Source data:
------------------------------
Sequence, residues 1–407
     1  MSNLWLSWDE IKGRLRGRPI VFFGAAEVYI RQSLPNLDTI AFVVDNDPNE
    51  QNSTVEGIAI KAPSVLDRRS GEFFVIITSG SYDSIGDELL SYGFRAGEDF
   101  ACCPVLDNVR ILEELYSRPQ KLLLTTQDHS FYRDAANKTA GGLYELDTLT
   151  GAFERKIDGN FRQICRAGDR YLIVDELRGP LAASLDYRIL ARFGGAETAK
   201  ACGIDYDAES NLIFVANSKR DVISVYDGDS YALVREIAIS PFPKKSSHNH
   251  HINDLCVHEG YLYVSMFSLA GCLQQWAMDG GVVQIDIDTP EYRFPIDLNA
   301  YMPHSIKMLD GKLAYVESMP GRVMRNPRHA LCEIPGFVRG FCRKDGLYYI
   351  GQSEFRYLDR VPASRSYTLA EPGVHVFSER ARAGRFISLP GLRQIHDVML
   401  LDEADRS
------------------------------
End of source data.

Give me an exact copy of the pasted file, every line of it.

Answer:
Sequence, residues 1–407
     1  MSNLWLSWDE IKGRLRGRPI VFFGAAEVYI RQSLPNLDTI AFVVDNDPNE
    51  QNSTVEGIAI KAPSVLDRRS GEFFVIITSG SYDSIGDELL SYGFRAGEDF
   101  ACCPVLDNVR ILEELYSRPQ KLLLTTQDHS FYRDAANKTA GGLYELDTLT
   151  GAFERKIDGN FRQICRAGDR YLIVDELRGP LAASLDYRIL ARFGGAETAK
   201  ACGIDYDAES NLIFVANSKR DVISVYDGDS YALVREIAIS PFPKKSSHNH
   251  HINDLCVHEG YLYVSMFSLA GCLQQWAMDG GVVQIDIDTP EYRFPIDLNA
   301  YMPHSIKMLD GKLAYVESMP GRVMRNPRHA LCEIPGFVRG FCRKDGLYYI
   351  GQSEFRYLDR VPASRSYTLA EPGVHVFSER ARAGRFISLP GLRQIHDVML
   401  LDEADRS